The Economic Survey for the outgoing 2007-08 fiscal year unveiled by the finance minister on Tuesday confirms much of what has been said about the economy in recent days. What the finance minister said makes for worrying listening but hopefully measures will be taken in the coming fiscal year to address these pressing macroeconomic problems .Inflation, he said, stands at 10.3 per cent for the period from July 2007 to April 2008 period. The fiscal deficit is estimated to balloon from its target of Rs398 billion or four per cent of GDP to an astonishing Rs683.4 billion, or 6.5 per cent of GDP. Clearly, the previous government massively spent much more than it had earned in revenue and hence the massive gap – which we all will have to pay for in the coming years in the form of reduced government expenditures on socio-economic development. Furthermore, it is likely, though those in the former government may not be willing to admit it, that this deficit financing contributed its part to the inflation being experienced now.

The real rate of GDP growth during 2007-08 was significantly lower than the target of over seven per cent, settling at 5.8 per cent. April 2008 registered the highest rate of both inflation and food inflation in over the last 30 years and this means that the government and the State Bank have their work cut out for them in trying to combat rising prices. That they will have to do this at a time of decelerating GDP growth is only going to complicate matters further. The rise in the price level, with food inflation its chief driver, has disproportionately affected those from low- and middle-income backgrounds and hence it is likely that efforts to curb poverty will continue to be undermined. As for income levels, the finance minister said that per capita income rose by 18.4 per cent. However, this tells us nothing about how the income was distributed, and again the likely possibility is that in the type of economy that Pakistan has, with a few in control of much of the resources, it is likely that the benefit of economic growth would accrue more to those who are already affluent. Besides, the impact of inflation is going to dent such gains. The government's assertion that the level of poverty went down from 23.94 per cent of the population in 2004-05 to 22.32 per cent for 2007-08 may generate some controversy since it is likely to be questioned by independent economists. In any case, what was the compulsion to compare the past year's poverty figures to those three years ago – wouldn't the logical comparison be to juxtapose them with figures from 2006-07?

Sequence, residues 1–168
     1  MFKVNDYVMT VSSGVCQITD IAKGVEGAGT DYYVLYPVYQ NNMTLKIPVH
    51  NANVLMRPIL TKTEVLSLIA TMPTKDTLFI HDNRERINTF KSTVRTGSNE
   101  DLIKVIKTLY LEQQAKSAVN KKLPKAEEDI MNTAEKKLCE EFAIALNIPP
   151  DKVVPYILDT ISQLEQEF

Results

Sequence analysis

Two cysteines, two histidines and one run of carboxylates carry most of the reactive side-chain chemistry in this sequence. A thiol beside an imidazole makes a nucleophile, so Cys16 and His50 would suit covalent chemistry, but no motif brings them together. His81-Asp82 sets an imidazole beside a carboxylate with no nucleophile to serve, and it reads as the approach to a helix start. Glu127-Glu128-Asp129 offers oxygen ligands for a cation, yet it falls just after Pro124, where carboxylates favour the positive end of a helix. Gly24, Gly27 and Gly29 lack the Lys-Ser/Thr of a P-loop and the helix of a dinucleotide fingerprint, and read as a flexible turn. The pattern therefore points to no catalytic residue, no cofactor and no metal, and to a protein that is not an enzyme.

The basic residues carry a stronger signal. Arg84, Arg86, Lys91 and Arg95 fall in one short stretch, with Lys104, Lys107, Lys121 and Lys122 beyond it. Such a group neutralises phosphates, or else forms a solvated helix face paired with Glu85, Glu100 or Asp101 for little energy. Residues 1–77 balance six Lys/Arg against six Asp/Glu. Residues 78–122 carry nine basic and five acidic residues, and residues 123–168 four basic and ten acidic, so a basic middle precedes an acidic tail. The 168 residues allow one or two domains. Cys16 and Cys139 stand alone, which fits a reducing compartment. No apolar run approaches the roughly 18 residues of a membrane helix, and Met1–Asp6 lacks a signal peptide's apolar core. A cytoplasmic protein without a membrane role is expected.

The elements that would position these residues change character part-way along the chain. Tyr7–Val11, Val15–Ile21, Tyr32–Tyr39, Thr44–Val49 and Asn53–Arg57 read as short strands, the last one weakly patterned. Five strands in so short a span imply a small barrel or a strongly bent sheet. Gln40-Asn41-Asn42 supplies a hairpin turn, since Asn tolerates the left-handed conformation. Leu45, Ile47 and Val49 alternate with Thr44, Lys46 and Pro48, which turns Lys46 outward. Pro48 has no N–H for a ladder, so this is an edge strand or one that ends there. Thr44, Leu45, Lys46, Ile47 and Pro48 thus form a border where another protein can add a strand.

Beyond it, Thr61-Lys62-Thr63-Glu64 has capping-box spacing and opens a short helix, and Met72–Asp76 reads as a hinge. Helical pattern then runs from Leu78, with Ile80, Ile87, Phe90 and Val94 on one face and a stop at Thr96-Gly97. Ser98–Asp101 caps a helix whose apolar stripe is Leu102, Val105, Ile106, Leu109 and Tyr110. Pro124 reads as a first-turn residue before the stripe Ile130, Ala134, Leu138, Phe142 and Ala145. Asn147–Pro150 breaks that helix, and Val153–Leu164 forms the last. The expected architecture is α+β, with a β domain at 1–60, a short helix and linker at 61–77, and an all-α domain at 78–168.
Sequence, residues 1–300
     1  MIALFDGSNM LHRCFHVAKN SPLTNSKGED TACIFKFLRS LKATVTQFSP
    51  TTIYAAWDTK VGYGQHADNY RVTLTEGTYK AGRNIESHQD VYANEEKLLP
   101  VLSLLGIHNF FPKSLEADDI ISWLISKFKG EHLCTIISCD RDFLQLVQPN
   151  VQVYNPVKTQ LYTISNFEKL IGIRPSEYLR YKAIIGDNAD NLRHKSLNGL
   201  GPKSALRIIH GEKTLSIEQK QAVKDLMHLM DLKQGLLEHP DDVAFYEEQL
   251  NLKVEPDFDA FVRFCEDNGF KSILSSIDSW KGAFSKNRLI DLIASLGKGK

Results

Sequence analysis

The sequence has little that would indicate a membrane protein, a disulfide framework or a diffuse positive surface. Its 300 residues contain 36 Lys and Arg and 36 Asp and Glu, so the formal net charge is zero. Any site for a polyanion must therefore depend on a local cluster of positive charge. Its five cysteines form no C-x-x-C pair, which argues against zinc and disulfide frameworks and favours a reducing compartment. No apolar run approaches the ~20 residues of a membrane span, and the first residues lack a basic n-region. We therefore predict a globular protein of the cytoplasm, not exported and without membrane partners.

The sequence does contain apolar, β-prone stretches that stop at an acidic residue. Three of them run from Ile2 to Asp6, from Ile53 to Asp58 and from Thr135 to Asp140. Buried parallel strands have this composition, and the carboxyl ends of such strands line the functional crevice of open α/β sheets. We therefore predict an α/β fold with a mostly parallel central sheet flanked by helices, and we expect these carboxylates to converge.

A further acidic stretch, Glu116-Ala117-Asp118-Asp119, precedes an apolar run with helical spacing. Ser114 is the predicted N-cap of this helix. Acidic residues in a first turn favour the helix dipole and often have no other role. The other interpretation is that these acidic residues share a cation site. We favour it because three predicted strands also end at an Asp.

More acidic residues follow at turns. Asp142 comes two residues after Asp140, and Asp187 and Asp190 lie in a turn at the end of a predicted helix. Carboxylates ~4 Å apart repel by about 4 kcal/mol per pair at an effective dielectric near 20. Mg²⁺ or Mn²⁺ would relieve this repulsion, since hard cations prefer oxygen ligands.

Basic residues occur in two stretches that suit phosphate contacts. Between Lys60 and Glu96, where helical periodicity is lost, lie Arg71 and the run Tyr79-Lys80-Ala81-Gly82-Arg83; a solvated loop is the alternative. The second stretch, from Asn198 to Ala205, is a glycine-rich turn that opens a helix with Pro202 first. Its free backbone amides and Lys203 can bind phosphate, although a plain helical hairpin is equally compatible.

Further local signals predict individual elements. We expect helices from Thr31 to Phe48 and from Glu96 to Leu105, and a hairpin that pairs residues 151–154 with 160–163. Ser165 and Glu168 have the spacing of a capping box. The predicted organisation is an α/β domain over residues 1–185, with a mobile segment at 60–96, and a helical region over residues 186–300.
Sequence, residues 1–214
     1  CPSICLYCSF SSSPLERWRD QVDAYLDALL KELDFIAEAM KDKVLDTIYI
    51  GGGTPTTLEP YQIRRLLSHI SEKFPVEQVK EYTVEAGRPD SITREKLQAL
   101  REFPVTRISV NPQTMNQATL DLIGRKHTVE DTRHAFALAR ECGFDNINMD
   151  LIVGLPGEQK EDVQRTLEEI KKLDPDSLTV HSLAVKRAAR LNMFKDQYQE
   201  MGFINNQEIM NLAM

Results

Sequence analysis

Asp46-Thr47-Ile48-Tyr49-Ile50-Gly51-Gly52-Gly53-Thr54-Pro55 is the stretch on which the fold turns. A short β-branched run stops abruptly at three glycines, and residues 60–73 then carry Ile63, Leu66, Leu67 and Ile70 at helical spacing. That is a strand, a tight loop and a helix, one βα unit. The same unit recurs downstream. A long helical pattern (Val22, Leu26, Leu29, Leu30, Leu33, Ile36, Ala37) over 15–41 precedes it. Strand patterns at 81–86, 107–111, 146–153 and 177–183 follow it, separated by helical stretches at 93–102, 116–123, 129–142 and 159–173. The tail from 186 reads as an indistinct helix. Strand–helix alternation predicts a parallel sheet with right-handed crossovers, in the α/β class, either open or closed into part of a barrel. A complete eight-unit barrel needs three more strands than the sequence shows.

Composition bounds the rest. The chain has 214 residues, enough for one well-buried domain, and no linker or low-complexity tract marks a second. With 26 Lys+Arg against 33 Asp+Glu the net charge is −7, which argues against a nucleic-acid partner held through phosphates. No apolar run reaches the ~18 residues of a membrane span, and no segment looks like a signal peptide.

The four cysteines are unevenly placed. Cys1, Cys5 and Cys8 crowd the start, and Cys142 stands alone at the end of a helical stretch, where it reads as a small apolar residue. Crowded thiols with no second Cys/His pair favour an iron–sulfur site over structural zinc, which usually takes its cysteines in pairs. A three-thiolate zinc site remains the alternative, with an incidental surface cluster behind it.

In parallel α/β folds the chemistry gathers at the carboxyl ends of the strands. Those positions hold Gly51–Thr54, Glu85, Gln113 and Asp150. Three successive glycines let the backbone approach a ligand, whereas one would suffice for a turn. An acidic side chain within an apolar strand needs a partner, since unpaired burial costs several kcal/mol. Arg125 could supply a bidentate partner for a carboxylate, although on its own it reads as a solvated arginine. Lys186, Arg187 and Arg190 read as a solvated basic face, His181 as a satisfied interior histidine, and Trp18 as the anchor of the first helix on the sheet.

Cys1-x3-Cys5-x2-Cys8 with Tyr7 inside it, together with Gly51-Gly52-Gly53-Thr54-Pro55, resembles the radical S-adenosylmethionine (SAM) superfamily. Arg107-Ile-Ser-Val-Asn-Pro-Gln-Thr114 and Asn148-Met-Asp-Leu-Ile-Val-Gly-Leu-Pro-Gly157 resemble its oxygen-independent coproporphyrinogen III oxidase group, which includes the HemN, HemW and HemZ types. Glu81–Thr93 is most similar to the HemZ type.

In recent days, most of the talk about the current ailing health of the economy has been dominated by a blame game. The present government continues to blame its predecessor while the latter actually accuses the caretakers of messing things up. The politics of who is to blame aside, some facts need to be acknowledged and realized – because once that is done, the government will have no distractions in getting on with the very important job of finding solutions to the various macroeconomic problems that the country currently faces. For instance, while food prices are high in much of the developing world, and Pakistan is by no means the only country affected in an acute manner, the fact remains that the nature and structure of the Pakistan economy is such that all manners of cartels and market distortions thrive within it and that those behind them profit at the expense of the ordinary consumer. This was seen during the days of the previous government not only in basic food sectors such as wheat and sugar but also oil and cement as well, where hoarders ruled the market and faced no challenge from the government in determining prices, and hence making hefty profits.